Pato didn’t know he meant to move. He shouldn’t have. But one moment he was on the couch and the next he was looming over her, swivelling her chair around and leaning over her, into her, planting his hands on the armrests and caging her between his arms. Risking everything, and he didn’t care.
“I never said I didn’t want you,” he growled down at her.
Pato felt unhinged and unpredictable, capable of anything. Especially a mistake of this magnitude—but he couldn’t seem to stop himself. Adriana still smelled of jasmine and her eyes were that rich, deep brown, and he didn’t have it in him to fight off this madness any longer.
“I told you I wouldn’t forget,” he said, intent and hungry, “and I haven’t. I remember the noises you made in the back of your throat when I kissed you, when you rubbed against me like silk, hot and—”
“Please!” Her voice was low. Uncertain. “Stop.”
“What do you want, Adriana? That’s tonight’s question.”
He leaned in closer, so he could hear the tiny hitch in her breath, and so he could find the pulse in her neck that was drumming madly, giving her away, and tease it with his tongue.
She whispered something that came out more a moan, and he smiled against the delicate column of her throat. Her skin smelled of his favorite flowers and her hair smelled of holidays in the sun, and he wanted to be deep inside her more than he wanted his next breath.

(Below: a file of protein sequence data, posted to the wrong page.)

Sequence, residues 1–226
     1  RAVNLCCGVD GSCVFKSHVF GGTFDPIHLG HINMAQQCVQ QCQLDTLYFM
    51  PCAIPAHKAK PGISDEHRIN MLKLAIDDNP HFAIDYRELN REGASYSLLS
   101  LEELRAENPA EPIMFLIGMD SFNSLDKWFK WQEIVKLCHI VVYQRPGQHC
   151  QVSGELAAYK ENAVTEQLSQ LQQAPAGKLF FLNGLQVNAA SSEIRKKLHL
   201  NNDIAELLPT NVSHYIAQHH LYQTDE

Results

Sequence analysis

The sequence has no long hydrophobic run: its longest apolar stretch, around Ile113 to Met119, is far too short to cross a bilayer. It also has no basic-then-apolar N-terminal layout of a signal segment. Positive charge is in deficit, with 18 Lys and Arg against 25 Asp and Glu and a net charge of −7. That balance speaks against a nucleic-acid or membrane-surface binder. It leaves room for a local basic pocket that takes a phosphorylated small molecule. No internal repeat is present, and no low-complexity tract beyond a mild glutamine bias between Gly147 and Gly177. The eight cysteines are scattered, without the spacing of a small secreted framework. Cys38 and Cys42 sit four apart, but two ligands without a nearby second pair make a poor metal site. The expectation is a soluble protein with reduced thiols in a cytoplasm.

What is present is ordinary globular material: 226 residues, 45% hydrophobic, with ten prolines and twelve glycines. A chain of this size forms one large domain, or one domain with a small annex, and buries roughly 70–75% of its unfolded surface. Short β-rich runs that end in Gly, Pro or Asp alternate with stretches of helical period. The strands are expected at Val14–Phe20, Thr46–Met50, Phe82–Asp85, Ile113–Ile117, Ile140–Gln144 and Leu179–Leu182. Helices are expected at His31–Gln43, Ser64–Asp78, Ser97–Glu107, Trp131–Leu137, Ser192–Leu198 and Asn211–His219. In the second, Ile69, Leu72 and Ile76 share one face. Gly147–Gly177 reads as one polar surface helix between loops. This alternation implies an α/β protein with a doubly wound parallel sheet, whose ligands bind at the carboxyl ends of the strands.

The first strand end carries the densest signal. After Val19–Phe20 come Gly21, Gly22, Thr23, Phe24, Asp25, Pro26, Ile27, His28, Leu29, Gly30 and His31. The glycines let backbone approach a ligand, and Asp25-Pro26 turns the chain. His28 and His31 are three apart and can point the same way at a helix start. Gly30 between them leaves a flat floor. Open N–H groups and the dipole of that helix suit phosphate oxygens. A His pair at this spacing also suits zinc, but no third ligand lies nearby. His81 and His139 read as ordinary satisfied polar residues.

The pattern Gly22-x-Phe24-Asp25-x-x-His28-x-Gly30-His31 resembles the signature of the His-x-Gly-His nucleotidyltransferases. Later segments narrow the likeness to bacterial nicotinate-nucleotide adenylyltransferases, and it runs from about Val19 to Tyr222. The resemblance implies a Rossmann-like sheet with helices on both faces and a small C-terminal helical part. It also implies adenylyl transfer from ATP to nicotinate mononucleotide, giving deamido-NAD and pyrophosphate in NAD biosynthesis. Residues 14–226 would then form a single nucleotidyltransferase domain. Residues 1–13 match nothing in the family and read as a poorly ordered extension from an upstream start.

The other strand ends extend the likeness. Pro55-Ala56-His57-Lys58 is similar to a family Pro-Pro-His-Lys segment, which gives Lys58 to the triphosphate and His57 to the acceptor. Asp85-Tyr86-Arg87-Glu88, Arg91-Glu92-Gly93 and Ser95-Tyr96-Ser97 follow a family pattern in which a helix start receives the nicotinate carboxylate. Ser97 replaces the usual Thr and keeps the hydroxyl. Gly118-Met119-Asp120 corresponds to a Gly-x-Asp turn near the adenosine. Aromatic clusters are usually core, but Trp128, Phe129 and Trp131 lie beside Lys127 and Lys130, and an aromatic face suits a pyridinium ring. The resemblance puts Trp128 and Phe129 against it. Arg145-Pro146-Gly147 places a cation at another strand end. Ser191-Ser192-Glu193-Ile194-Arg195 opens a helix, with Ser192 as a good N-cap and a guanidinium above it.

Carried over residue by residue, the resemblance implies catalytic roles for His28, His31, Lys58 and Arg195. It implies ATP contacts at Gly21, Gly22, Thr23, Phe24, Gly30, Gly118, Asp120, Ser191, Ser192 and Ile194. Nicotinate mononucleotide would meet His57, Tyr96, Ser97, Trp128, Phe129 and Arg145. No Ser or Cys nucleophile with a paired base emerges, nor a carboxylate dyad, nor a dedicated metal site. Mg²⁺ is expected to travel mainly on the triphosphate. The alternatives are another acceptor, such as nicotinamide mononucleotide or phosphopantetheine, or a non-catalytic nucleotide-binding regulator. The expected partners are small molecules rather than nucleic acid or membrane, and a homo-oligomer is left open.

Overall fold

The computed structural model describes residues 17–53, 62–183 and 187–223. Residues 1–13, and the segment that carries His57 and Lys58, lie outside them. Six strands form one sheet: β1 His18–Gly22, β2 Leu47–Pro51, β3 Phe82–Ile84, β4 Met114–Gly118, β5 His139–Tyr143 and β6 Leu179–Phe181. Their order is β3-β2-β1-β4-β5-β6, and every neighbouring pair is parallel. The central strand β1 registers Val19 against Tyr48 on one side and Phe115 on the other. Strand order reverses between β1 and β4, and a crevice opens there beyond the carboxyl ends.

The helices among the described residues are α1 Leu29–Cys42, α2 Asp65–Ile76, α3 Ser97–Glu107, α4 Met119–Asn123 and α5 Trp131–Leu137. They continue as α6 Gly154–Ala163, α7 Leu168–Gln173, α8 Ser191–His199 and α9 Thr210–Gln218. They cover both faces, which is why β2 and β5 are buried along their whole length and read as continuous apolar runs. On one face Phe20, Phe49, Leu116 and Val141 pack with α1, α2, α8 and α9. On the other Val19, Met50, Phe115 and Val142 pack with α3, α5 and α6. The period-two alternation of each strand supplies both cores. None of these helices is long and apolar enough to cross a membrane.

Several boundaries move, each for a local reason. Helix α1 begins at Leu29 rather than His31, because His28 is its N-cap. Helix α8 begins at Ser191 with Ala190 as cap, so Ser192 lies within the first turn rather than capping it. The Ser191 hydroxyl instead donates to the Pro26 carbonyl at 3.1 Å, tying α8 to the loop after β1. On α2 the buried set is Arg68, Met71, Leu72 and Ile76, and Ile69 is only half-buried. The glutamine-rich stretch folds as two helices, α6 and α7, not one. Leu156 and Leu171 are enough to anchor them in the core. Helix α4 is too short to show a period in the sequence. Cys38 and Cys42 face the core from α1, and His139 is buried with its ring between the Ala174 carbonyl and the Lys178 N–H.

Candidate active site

“And when I talk about want, I don’t mean something tame,” he said, a growl against the side of her neck, directly into her satiny skin, so he could feel her tremble against his lips. “I mean hunger. Undeniable, unquenchable hunger. Not because you’re drunk. Not because you want to martyr yourself to your great unrequited love. Hunger, Adriana. What do you want? What are you hungry for?”
“Please…” she whispered, desperation thick in her voice. She was right there on the edge, right where he wanted her.
He could feel it. He felt it flood through him, dark and thrilling and scorchingly hot.
“I don’t think you love him, Adriana,” he told her then, and she let out a small sound of distress. “Not really. I know you’re not hungry for him. Not like this.”
She trembled. She shook. But she didn’t argue.
“I asked you a question,” he urged her, his mouth at her jaw. “If it helps, I already know the answer. All you have to do is admit it.”
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